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Dylanesque

Bryan Ferry Audio CD
4.4 out of 5 stars  See all reviews (5 customer reviews)
Price: CDN$ 14.69 & FREE Shipping on orders over CDN$ 25. Details
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Dylanesque + These Foolish Things
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Product Details


1. Just Like Tom Thumb's Blues
2. Simple Twist Of Fate
3. Make You Feel My Love
4. The Times They Are A-Changin'
5. All I Really Want To Do
6. Knockin' On Heaven's Door
7. Positively 4th Street
8. If Not For You
9. Baby, Let Me Follow You Down
10. Gates Of Eden
11. All Along The Watchtower

Product Description

Product Description

Amazon.ca

Long a Bob Dylan fan, Bryan Ferry remade "A Hard Rain's A-Gonna Fall" for his 1973 self-titled album of covers. This time around, the celebrated Roxy Music leader turns in Dylanesque, recasting 11 Dylan classics during a single live-in-the-studio week that leaves the album sounding vibrantly faithful to the original numbers. Far be it for the imaginative contrarian to retrace Dylan's steps, and sure enough--despite an omnipresent harmonica--Ferry does just the opposite. The raw rocker "Just Like Tom Thumb's Blues" becomes a seductive British pop song, while despair and loneliness turn into effervescence for the driving "Simple Twist of Fate." Ferry's ageless tenor injects a modern momentum into early Dylan imprints "Positively 4th Street" (with strings!), "All I Really Want to Do," and "The Times They Are A-Changing," and gloriously respects the more recent "Make You Feel My Love" (from 1997's Time out of Mind). But the best is yet to come, as the oft-covered "Knockin' on Heaven's Door" may never have received better treatment and "Baby, Let Me Follow You Down" loses not a beat of its original knock-down luster. The record closes with "All Along the Watchtower," a twin tribute to Dylan and Jimi Hendrix, the visionary for this adaptation. --Scott Holter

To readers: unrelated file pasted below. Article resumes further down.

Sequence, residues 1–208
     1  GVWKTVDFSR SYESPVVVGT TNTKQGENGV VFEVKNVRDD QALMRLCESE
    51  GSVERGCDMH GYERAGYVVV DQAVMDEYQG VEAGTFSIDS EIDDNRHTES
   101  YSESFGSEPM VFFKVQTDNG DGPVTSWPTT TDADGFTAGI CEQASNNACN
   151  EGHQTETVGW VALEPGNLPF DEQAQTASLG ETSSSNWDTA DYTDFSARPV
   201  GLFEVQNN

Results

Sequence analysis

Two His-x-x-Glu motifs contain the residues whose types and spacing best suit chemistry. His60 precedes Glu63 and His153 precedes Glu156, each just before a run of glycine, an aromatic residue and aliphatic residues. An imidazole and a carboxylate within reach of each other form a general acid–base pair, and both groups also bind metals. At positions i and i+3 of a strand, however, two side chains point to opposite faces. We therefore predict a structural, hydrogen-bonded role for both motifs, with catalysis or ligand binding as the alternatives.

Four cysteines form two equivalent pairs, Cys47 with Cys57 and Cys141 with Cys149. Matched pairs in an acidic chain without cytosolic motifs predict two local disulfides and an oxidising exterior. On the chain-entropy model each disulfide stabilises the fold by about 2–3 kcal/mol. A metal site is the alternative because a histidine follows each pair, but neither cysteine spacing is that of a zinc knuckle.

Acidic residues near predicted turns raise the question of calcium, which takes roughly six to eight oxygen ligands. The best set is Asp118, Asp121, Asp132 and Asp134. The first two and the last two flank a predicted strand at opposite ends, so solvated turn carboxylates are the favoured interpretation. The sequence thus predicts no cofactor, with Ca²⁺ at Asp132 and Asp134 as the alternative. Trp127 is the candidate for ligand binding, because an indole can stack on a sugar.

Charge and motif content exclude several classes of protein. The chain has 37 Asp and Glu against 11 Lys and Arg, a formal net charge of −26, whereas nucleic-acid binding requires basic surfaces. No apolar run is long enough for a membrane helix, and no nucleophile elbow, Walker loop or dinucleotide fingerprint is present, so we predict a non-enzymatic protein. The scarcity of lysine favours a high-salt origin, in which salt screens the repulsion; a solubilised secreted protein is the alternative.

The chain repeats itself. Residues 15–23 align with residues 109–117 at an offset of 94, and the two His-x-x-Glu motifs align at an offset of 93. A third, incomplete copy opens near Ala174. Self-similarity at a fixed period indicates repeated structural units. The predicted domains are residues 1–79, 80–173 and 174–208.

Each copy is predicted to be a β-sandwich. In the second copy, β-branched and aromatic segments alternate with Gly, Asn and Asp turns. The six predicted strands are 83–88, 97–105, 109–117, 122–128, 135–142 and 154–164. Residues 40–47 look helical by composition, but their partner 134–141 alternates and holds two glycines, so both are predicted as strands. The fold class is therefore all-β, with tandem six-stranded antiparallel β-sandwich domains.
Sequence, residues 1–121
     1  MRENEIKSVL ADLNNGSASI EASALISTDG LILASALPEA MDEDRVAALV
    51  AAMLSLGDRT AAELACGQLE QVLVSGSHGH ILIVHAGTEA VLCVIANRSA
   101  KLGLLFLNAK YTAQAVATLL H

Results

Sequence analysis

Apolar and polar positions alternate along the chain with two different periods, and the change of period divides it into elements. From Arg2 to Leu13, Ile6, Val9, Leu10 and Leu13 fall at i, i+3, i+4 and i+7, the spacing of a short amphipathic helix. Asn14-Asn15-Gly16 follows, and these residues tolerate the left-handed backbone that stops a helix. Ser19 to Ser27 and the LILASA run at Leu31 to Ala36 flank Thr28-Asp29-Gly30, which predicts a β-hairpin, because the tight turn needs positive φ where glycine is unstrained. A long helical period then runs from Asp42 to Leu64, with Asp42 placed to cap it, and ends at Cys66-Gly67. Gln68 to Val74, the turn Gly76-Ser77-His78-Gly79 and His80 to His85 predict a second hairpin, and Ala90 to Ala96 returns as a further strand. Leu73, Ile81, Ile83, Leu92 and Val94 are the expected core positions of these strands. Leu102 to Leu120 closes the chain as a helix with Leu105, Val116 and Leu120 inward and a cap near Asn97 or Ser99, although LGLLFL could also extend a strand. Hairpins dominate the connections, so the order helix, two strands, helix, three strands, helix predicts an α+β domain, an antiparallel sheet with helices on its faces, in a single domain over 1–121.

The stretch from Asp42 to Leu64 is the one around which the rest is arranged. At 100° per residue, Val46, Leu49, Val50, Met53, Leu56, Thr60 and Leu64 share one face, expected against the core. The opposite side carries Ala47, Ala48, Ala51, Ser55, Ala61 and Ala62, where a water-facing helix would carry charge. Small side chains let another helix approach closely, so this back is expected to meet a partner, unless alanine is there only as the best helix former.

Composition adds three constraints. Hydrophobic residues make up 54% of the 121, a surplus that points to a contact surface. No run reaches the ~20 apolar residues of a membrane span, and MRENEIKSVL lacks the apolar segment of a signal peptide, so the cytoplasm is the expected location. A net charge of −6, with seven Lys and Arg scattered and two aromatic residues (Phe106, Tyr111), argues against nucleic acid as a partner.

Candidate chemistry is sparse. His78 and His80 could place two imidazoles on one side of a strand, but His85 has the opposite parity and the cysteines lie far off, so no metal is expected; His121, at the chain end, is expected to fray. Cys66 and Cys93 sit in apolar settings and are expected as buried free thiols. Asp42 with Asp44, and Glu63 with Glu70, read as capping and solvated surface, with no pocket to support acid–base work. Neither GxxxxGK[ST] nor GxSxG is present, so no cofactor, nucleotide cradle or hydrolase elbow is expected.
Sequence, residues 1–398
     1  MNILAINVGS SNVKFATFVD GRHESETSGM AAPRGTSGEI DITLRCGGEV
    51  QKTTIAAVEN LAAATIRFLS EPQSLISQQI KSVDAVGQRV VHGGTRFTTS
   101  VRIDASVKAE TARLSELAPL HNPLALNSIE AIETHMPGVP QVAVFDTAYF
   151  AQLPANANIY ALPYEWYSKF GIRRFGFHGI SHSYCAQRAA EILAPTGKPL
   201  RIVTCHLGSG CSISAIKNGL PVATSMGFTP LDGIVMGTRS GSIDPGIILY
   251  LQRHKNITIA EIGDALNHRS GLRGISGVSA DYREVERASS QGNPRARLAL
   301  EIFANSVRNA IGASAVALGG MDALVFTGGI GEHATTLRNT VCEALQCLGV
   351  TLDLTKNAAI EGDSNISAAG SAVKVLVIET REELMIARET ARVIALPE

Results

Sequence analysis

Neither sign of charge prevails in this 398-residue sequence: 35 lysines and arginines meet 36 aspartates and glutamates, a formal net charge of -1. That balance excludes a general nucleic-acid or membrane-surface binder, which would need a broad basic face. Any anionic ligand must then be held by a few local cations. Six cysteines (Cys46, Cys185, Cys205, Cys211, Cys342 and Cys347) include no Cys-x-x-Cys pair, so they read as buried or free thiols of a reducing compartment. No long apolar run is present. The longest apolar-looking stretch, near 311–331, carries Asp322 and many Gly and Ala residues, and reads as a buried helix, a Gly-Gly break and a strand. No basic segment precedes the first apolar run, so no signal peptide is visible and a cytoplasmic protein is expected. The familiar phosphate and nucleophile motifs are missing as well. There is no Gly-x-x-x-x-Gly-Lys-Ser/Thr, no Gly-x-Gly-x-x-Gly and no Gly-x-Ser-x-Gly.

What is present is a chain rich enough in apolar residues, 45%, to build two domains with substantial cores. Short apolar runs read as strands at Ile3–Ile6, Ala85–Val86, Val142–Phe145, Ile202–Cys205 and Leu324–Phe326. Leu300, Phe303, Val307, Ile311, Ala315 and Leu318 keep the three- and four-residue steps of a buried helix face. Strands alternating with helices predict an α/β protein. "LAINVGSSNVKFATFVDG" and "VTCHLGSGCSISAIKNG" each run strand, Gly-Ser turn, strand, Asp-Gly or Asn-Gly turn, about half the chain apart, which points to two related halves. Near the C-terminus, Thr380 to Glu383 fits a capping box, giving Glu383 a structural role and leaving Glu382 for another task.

Customer Reviews

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Most helpful customer reviews
8 of 8 people found the following review helpful
4.0 out of 5 stars Engaging, never boring. March 28 2007
By Esthero
Format:Audio CD
Most of us would not associate Bryan Ferry the art-rock lounge lizard with Bob Dylan, the ragged poet-troubadour.

But Ferry's swaggering 1973 version of Dylan's "A Hard Rain's Gonna Fall" left old smoothie chops with a desire to do a whole album of Dylan covers, but it has taken him over 30 years to get round to it.

One of the supremely gifted interpreters of other people's songs, Ferry's take on Dylan's work was always bound to be at the very least interesting.

Twenty songs were rattled off in a week, of which 11 made the final cut, and the spontaneity of the session is obvious.

Ferry's touring band deftly evoke the sturdy, simplistic country-tinged rock which is Dylan's thing, and the album kicks off convincingly with "Just Like Tom Thumb's Blues" and "Simple Twist Of Fate".

But some of the mid-tempo material, like "All I Really Wanna Do", is merely so-so, and it's a surprise to hear the protest song "The Times They Are A-Changin'" dashed off at yet another plodder in this vein. Neither is there much that Ferry can do to improve on Hendrix's blistering re-interpretation of "All Along The Watchtowe"r or even Eric Clapton's reggaefication of "Knockin' On Heaven's Door".